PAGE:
Now this provokes some angry reactions from this group of laborers that had been working all twelve hours.  Immediately we are told in verse eleven that they grumbled. And then they come to the landowner and they say,  if you'll look at verse 12 you'll see it.  ‘These last men,’ they say, ‘these last men have worked only one hour, and you have made them equal to us who have borne the burden in the scorching heat of the day.’  Now it is that protest, lifted up by the laborers who had worked twelve hours, that Jesus uses to make His point.  He wants you to focusin on their attitude, and understand by a negative example, what kind of an attitude He doesn't want you to have towards the heavenly Father.  And I want you to see three particular sins in their attitude.  

        First of all, they were going about their duties with a mercenary spirit.  I do not think that it is a mistake that of the four different groups of day laborers, the only group where it says they came to an agreement, or he agreed to pay them a denarius, is the first group.  Notice, in each of the other cases, the phrase is repeated, ‘I will pay you whatever is right.’  The other laborers simply had to trust that he would do them right.  But this first group already had certain expectations that the landowner had to live up with, and they labored in that light.  They did not labor in their vocation with gladness, as unto the Lord, they labored with a very strictly mercenary spirit.  And so, Jesus is using that to represent a person who relates to God, suspicious that He might short-change them.  And there are people like that, there are people who are suspicious that somehow God is going to short-change them on some of the blessings that He owes them.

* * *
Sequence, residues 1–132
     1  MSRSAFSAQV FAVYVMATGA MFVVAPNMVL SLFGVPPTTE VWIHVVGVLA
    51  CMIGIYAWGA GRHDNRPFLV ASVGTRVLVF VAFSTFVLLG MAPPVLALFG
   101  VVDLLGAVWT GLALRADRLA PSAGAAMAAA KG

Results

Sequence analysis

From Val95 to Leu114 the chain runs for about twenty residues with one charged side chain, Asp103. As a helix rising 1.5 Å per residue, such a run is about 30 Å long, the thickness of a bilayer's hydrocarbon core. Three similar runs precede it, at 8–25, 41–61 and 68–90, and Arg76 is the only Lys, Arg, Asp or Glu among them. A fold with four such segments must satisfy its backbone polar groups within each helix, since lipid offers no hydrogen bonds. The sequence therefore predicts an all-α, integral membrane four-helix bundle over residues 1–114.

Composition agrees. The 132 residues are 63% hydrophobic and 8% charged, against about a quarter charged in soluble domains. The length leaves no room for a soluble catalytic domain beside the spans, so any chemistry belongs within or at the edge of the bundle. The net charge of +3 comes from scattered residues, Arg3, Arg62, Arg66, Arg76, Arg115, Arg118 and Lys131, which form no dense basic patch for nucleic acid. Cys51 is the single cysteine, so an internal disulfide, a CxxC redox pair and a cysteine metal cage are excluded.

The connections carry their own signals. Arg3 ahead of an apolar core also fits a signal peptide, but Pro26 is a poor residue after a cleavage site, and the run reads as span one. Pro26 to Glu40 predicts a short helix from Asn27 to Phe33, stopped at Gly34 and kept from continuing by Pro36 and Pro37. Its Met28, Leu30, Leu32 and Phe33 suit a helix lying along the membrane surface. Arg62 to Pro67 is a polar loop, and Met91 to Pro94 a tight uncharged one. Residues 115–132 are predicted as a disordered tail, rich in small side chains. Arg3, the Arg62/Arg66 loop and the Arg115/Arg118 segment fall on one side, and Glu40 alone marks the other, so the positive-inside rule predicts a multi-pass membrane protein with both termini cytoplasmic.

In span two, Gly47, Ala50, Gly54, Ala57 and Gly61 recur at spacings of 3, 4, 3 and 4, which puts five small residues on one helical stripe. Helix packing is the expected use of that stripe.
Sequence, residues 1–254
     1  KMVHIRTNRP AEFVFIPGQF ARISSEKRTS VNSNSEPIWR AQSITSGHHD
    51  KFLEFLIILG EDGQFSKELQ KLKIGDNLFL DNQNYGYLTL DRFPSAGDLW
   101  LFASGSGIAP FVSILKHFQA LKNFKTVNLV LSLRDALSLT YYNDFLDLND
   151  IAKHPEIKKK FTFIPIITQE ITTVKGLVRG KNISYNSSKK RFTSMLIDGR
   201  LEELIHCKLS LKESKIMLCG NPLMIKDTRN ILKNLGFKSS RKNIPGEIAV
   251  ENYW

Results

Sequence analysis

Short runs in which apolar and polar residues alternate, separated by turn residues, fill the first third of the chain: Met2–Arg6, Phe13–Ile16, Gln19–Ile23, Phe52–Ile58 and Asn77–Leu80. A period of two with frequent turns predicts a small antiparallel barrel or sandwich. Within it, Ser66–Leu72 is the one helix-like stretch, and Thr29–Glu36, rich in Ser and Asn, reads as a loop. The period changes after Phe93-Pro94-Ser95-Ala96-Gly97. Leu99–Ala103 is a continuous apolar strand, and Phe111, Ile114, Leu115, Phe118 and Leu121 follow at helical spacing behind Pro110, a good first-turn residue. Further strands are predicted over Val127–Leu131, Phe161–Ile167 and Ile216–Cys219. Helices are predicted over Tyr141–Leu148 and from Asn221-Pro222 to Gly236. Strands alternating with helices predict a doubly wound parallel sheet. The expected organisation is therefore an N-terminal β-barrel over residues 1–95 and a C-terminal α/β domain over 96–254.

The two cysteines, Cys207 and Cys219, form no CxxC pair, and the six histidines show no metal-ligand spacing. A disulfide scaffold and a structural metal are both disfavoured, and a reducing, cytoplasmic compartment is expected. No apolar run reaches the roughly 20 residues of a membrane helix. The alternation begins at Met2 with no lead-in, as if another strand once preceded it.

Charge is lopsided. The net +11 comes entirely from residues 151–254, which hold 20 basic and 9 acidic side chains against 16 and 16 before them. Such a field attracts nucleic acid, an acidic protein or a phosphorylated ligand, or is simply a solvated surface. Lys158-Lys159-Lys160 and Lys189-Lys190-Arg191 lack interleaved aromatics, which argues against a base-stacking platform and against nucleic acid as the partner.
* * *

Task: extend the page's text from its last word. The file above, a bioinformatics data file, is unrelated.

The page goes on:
The second sin that they committed was that they did not recognize the sovereign rights of the owner.  You see, he had not broken contract with them. He gave them exactly what he told them he would give by contract, and he simply decides to be generous with the other men, and yet, they did not recognize his rights to do that. They said, ‘you can't do that, they haven't worked as long as we worked.’  And his response is, of course, ‘look, if I want to be generous, it belongs to me in the first place.  Who are you to tell me that I can't be generous.’  So they did not recognize his sovereign rights.  They again wanted to be the arbiters of what was fair and what was right and wrong.